It was essential to know how to live in order to survive. I found out through my own experiences the complexity and delicacy of relationships, and by the time I came back home I was more mature and aware. Mexico and clouds, Mexico and fragrances, Mexico and flavors, Mexico and memories.
There I got used to travel not as a tourist, but as a person who observes the world from the inside, not so much to discover the diversity but with the feeling that places and situations in front of me were tying and untying along the wires of Karma.
At the age of sixteen I had the opportunity to attend a full academic year abroad. I chose a distant place, different, where no other Italian student ever went before. My passion for the East was already concrete and stronger than any convention. With a big suitcase containing the clothes for four seasons, I flew to Osaka. Or rather, to another planet. Japan at the time, 1983, was not the Japan of today. I went to a school just for girls, with a blue uniform with short white socks, I spoke only Japanese language, following rules and absolute rigor, both at home and at school.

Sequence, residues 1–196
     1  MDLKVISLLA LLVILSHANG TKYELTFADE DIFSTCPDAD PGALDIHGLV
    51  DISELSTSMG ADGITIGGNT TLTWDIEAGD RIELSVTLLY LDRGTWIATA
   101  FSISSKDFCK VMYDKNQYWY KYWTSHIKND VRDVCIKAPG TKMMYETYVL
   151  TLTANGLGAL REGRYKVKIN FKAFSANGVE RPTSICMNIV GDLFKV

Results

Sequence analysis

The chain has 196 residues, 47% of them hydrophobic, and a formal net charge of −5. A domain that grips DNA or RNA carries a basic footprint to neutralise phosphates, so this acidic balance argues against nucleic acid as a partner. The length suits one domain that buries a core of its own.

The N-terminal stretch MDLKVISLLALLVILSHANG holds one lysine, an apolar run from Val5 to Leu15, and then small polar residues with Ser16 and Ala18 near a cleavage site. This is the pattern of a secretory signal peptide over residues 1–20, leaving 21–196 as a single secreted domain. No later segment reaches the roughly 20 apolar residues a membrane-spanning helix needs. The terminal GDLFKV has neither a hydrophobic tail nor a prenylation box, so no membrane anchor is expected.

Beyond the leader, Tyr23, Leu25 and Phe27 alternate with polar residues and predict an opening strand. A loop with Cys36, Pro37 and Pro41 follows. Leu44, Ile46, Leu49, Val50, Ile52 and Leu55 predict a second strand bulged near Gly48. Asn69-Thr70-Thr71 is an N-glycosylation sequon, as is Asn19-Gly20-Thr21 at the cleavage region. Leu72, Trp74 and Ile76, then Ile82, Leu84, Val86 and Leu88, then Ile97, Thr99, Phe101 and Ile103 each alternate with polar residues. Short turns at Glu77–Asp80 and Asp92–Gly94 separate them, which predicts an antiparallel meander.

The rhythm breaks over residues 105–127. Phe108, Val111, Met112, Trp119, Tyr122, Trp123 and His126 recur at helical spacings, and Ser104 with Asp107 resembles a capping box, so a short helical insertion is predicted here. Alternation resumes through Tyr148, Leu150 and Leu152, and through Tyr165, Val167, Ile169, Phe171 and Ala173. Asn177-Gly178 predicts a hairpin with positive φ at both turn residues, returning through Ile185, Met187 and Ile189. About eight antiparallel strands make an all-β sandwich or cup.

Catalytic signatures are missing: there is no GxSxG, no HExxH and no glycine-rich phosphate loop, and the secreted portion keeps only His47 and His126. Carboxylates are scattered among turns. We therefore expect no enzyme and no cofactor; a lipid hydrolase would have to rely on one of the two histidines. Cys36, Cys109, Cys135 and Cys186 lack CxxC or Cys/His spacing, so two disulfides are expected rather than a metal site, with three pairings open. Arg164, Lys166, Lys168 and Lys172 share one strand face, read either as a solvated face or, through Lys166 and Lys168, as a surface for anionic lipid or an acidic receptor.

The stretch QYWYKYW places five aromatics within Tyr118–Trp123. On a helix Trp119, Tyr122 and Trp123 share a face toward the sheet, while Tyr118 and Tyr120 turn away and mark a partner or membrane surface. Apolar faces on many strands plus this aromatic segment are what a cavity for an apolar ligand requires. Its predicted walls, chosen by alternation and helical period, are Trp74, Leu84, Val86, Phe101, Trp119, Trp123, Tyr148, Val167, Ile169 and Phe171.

A year of intense, difficult but happy study and analysis, moments of purity and Zen essence.I remember with nostalgia the Japanese tradition of mixing the ultra modern to the traditional and old. Especially in the kitchen, where in the beginning I could not access, being a western person and therefore "impure". In my hosting family the grandmother dominated above all the others; when she was young she was one of the first women to teach at the university. The subject? Domestic arts, all the necessary knowledge to the quiet and respectful traditional Japanese wives. However, she used to command and I witnessed some nice feminist situations at home.
At the age of eighteen, after high school graduation and a summer trip to Paris, I made a trip to India. The feeling that accompanied the first and the following numerous trips to India, was the feeling of being at home. I got rid of everything: unnecessary thoughts, stirred emotions, clothes and shoes in this land where you can simply live with a cotton sari and a pair of flip-flops. India was my revelation: I got to know the sense of things, fathom all the crevices of my being to eliminate the superfluous and get to the heart of myself. I'll be back again and again, I will never get tired of this place.